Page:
mountain in no time. I'll telegraph to Mr. Titus."

Leaving Koku and Rad to collect the wires and firing
apparatus, there being no danger now, as no explosive was
left in the shack, Tom made his way back to the house. His
father met him.

"Well, Tom," he asked, "another failure?"

"No, Dad! Success! This time I turned the trick. I seem to
have gotten just the right mixture. Look, these are some of
the pieces left from the big rock--one of the samples Mr.
Titus sent me. It was all cracked up as small as this," and
he held out the fragments he had picked up in the field.

Mr. Swift regarded them for a few moments.

"That's better, Tom," he said. "I didn't think you could
get an explosive that would successfully shatter that hard
rock, but you seem to have done it. Have you the formula all
worked out?"

"All worked out, Dad. I only made a small quantity, but
the same proportions will hold good for the larger amounts.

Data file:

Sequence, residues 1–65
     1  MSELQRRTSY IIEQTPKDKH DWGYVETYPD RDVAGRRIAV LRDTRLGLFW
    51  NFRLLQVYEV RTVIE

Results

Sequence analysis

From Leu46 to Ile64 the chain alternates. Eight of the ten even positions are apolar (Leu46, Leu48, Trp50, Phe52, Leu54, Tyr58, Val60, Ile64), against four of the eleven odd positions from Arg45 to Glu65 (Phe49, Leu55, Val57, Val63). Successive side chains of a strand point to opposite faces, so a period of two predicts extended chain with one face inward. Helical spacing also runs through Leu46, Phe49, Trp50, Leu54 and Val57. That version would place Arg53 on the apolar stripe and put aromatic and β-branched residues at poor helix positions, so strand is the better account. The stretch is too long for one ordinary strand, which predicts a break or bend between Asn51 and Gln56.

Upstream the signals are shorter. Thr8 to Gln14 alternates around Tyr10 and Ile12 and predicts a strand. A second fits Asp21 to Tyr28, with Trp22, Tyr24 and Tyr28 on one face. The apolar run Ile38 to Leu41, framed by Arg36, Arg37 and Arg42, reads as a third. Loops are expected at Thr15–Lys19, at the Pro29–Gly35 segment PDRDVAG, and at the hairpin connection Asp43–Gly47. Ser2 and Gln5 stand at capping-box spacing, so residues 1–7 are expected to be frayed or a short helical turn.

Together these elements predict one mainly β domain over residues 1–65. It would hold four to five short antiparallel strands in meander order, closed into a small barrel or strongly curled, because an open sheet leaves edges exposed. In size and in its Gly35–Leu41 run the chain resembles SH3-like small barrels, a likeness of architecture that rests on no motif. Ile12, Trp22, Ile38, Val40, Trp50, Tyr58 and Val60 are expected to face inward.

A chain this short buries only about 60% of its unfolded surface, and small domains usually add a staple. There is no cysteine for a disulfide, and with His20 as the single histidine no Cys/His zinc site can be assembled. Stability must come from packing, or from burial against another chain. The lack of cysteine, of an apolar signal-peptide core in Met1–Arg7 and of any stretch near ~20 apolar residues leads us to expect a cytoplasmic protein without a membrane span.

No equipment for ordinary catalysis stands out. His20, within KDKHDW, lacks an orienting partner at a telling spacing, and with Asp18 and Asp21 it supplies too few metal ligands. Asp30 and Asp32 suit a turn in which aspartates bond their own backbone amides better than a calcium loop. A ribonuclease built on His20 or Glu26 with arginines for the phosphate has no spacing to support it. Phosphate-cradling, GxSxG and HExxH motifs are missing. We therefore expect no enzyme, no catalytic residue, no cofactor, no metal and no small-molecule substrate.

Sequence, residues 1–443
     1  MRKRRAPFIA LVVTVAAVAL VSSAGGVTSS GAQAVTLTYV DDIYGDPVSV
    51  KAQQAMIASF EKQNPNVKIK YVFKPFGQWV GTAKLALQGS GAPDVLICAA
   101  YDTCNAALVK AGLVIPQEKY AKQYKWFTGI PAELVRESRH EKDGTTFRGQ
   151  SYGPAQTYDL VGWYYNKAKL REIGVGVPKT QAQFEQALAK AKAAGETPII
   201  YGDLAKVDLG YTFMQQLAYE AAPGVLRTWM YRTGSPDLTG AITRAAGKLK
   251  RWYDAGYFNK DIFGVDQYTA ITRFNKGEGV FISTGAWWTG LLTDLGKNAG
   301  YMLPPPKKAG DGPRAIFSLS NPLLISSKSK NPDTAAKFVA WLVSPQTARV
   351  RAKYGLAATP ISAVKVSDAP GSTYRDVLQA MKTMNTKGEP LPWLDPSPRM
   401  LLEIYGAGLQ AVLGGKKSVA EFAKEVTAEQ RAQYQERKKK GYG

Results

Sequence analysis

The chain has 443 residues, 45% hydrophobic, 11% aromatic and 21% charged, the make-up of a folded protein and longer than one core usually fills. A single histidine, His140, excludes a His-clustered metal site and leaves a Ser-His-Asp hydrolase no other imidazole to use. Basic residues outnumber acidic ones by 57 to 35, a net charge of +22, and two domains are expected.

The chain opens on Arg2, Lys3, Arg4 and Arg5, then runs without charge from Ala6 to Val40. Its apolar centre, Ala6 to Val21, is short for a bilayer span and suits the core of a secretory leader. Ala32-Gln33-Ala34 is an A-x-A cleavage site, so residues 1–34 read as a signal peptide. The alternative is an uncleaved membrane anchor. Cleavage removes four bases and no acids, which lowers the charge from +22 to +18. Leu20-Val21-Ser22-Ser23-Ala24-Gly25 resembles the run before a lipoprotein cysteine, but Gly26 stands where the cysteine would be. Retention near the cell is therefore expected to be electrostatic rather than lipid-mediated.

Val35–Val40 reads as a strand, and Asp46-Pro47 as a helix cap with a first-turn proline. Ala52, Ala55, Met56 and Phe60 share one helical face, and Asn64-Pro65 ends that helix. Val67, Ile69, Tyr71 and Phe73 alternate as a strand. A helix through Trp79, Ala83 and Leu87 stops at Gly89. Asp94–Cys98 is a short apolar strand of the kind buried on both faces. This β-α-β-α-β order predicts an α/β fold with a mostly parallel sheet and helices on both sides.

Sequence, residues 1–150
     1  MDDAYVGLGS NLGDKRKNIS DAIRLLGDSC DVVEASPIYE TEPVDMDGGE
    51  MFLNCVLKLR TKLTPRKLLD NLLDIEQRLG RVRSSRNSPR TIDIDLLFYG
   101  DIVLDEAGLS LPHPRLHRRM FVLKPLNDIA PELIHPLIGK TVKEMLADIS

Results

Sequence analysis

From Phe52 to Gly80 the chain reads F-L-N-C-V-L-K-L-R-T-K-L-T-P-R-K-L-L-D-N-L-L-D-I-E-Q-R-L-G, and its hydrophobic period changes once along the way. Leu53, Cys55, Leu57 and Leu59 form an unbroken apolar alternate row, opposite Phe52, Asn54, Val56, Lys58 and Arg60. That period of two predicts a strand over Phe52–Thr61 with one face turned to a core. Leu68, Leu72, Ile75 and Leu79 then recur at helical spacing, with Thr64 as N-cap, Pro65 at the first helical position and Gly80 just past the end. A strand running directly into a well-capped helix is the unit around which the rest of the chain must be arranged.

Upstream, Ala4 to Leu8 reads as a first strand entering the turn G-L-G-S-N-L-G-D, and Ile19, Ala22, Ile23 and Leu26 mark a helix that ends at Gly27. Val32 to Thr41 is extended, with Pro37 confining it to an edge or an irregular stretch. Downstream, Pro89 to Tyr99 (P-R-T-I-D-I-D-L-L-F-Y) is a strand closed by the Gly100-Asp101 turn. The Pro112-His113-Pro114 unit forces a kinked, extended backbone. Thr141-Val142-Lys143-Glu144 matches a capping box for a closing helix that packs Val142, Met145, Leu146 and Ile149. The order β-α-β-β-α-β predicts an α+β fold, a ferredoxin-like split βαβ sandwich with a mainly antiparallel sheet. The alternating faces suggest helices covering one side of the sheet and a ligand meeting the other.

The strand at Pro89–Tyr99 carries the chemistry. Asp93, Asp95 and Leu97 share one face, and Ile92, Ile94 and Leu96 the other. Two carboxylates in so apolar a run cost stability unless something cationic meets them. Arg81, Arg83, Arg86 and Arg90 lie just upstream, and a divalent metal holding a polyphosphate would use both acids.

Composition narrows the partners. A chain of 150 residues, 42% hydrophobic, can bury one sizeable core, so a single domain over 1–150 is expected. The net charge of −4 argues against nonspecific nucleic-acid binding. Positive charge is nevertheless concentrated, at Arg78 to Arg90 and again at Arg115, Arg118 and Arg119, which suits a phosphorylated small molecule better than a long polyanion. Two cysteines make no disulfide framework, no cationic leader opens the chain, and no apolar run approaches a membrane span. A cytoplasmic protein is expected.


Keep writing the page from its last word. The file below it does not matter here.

I'm going to start in and make it now. And then--Ho! for

Tom struck an attitude, such as some old discoverer might
have assumed, and then he hurried into the house to
telephone a telegram to the Shop' ton office. The message
was to Mr. Titus, and read:

"Explosive success. Start making it at once. Ready for
Peru in month's time."

"Thirteen words," repeated Tom, as the operator called
them back to him. "I hope that doesn't mean bad luck."

The experiment which Tom Swift had just brought to a
successful conclusion was one of many he had conducted,
extending over several wearying weeks.

As soon as Tom had received the samples of the rock he had
begun to experiment. First he tried some of the explosive